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Question of the Day
A woman passed away. She owned a piece of land over which some [commercial] stores are built. During her lifetime, her husband built two apartments from his own money on her property. In addition to her husband, the wife was survived by one brother and five sisters.
Is the husband entitled to take the money he spent on the construction of the two apartments in addition to his rightful share in the inheritance?
If the case is as mentioned in the question, the husband is not entitled to take the money he spent on the construction of two apartments, as long as there is no definite proof that the two apartments belong to him or that his wife is their fictitious owner. Her ownership is established because the apartments were located on her land and she died while they were still on her property. This fact cannot be changed except by stronger [evidence to the contrary].
Merely paying for the cost of construction involves unlimited possibilities which may include:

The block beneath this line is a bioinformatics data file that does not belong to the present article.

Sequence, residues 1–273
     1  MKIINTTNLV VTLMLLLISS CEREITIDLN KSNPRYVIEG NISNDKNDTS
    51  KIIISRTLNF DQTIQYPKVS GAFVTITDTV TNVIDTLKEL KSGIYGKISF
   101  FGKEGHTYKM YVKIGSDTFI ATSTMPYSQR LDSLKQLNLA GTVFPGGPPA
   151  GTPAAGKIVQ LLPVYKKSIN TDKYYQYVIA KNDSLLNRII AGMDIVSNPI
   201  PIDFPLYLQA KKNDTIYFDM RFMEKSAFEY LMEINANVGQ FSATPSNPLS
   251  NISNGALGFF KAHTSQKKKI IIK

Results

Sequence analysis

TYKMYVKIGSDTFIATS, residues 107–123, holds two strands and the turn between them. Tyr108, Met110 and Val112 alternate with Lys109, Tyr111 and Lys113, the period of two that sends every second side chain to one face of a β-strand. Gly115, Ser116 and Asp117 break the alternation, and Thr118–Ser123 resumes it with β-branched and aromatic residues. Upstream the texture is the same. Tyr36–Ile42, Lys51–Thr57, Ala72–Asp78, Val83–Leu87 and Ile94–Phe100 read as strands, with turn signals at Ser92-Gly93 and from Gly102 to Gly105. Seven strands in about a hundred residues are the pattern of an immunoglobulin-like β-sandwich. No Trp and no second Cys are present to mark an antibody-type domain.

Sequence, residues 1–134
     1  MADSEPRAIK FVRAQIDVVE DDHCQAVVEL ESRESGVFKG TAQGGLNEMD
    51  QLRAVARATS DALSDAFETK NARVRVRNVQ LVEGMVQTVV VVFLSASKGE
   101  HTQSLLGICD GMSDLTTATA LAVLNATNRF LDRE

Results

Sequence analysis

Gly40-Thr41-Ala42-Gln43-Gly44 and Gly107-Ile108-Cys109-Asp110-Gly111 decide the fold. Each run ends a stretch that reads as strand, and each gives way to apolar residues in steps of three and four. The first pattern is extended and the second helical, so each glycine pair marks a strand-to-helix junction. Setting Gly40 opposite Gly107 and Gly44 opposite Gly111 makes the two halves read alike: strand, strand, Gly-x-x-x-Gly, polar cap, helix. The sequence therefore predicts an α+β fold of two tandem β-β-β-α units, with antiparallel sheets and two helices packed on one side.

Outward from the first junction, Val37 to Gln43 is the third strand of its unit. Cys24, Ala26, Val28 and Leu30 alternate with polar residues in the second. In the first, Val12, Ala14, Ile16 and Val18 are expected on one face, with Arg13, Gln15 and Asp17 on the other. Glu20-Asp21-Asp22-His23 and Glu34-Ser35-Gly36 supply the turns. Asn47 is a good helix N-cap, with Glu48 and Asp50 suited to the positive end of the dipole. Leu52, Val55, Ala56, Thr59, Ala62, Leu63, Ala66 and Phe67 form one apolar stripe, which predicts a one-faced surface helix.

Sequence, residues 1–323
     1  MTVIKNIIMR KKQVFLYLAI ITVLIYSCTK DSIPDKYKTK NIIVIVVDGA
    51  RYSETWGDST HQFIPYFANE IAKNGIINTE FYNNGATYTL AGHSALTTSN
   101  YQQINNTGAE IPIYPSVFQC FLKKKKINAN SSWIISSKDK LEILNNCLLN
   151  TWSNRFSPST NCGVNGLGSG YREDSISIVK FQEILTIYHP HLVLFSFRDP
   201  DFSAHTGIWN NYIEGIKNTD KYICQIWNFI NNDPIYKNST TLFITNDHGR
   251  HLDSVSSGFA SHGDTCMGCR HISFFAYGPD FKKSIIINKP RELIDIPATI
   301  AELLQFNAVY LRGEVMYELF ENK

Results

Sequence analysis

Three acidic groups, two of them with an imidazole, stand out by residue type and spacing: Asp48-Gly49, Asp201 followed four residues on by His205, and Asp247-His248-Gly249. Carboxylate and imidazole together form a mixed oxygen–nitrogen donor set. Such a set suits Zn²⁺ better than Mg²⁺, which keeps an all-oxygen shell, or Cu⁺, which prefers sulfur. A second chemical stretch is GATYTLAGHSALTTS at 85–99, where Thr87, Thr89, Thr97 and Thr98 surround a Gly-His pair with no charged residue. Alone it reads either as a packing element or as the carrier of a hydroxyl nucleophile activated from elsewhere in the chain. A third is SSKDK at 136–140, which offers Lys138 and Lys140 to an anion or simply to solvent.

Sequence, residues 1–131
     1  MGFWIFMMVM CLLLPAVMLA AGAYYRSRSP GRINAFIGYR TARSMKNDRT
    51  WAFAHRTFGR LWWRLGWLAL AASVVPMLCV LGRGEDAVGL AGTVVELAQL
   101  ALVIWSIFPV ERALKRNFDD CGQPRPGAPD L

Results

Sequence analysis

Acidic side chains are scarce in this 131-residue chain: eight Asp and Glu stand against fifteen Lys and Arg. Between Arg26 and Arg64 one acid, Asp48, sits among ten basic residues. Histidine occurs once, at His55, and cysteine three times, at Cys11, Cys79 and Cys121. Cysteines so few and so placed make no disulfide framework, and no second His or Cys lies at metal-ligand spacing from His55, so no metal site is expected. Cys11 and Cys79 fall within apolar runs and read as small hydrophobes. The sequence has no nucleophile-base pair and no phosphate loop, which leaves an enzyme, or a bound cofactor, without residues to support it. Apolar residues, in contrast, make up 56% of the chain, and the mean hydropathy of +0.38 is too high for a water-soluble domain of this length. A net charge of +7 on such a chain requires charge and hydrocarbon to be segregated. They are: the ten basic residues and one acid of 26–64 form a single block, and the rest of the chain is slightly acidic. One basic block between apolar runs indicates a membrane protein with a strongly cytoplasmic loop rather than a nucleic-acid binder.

- The cost of construction was in return for a debt the husband owed his wife.
- It constituted her dowry or its deferred portion.
- It is a gift the husband made to his wife which she accepted and received while she was alive.
In addition to the above, there may be other rational possibilities. It is possible that the two apartments do in fact belong to the husband. But since the probabilities are equally plausible, we resort to the fact that the apartments belong to the wife and not the husband until proven otherwise.
Allah the Almighty knows best.